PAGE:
This Graduate Certificate in Science Communication will provide you with practical skills and sound theoretical understanding about how to communicate effectively and with influence in a range of disciplines and sectors, including policy and health.
Students who successfully complete the Graduate Certificate of Science Communication with a GPA of 5.00/7.00 will be eligible to apply for admission to a Master of Science Communication at the Australian National University.
Courses successfully completed in the Graduate Certificate of Science Communication may be credited towards a Master degree, where eligible.
This program is available for domestic students only. Current ANU students are not eligible for this program.
Commonwealth Supported Place (CSP)
Courses may be credited towards a master's degree
Entry pathway to Master of Science Communications*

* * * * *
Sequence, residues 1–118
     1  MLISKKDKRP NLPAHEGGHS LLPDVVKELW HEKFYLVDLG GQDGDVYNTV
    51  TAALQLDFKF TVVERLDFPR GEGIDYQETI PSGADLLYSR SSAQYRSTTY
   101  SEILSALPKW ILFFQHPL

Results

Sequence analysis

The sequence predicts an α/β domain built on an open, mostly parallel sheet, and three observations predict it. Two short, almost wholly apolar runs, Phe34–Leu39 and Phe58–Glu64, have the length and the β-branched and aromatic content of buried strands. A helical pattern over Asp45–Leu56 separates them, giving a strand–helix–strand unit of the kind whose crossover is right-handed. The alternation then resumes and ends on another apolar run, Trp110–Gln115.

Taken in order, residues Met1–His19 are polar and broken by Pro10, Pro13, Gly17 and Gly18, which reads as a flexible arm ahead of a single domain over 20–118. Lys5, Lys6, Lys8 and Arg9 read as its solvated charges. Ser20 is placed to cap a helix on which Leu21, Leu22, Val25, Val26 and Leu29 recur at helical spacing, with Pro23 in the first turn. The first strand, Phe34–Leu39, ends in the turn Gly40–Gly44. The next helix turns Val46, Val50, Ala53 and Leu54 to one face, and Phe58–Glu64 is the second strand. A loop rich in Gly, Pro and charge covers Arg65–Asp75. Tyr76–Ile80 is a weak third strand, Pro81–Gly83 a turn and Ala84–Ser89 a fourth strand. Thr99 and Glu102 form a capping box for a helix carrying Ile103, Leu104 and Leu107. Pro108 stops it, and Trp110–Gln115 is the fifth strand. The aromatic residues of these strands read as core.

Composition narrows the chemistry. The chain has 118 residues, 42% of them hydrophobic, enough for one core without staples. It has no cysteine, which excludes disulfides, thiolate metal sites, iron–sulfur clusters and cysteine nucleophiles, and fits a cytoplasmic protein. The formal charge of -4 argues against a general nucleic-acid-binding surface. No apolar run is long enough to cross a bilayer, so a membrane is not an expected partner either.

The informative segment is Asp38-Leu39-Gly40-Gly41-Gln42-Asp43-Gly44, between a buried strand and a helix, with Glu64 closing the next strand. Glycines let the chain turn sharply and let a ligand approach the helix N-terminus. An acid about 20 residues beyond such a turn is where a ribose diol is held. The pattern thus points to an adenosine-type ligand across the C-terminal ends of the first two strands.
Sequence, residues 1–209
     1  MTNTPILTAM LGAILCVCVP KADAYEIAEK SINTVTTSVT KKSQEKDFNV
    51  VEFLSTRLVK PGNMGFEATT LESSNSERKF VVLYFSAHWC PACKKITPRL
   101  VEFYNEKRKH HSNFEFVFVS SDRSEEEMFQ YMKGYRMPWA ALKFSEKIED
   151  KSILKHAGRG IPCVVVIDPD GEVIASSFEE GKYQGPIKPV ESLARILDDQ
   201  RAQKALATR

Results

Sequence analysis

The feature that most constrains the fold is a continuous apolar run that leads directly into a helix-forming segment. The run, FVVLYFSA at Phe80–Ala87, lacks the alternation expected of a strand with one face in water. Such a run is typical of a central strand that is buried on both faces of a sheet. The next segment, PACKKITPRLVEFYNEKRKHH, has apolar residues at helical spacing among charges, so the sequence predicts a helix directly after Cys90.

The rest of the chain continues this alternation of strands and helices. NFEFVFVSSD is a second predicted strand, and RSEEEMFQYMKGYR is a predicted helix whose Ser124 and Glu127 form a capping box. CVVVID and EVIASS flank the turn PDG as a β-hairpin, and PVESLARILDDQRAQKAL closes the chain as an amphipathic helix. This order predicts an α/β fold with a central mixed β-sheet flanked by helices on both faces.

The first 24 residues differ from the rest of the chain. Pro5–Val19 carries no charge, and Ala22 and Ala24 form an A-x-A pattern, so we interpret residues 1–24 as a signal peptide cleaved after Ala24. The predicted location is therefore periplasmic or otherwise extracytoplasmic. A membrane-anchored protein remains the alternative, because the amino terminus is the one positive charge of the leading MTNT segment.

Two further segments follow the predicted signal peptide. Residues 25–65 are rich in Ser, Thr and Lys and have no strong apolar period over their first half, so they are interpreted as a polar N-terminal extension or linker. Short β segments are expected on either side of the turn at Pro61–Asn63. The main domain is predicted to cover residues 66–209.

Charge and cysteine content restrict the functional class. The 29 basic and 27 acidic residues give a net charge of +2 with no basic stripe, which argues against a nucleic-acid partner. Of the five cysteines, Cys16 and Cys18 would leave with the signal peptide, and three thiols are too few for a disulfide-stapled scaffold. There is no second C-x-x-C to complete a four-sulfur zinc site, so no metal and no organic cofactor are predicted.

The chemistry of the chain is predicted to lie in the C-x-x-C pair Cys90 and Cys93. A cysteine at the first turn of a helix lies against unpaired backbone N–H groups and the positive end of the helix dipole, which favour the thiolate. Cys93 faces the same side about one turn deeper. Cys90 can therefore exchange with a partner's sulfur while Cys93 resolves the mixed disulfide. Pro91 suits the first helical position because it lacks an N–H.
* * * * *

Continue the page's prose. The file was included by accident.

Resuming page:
0.5 years full time
What you'll learn
Develop appropriate qualitative and quantitative research tools and strategies to investigate, justify and interpret science communication theories, methods and conclusions.
Communicate science with diverse groups of people using different media.
Appraise and reflect upon the interaction of interests, contexts and people shaping science, including the social and ethical responsibilities of science and society in the modern world;
Exercise personal, professional and social responsibility as a global citizen.
Professor Joan Leach is the Director of the Australian National Centre for Public Awareness of Science at the ANU. Her research and teaching centres on theories of the public in science communication, language and rhetoric in science (both in public and in technical contexts), and the challenge of ethics in science communication. She's most interested in sociological accounts of knowledge production and she edited the journal Social Epistemology for 9 years.
Science Communication careers
Many graduates have found careers as communication officers for scientific organisations such as the CSIRO, government departments, universities, businesses, NGOs, or in the media. Some have set up science media businesses or consultancy firms. Others work in centres for informal science learning across the world, such as science centres and museums.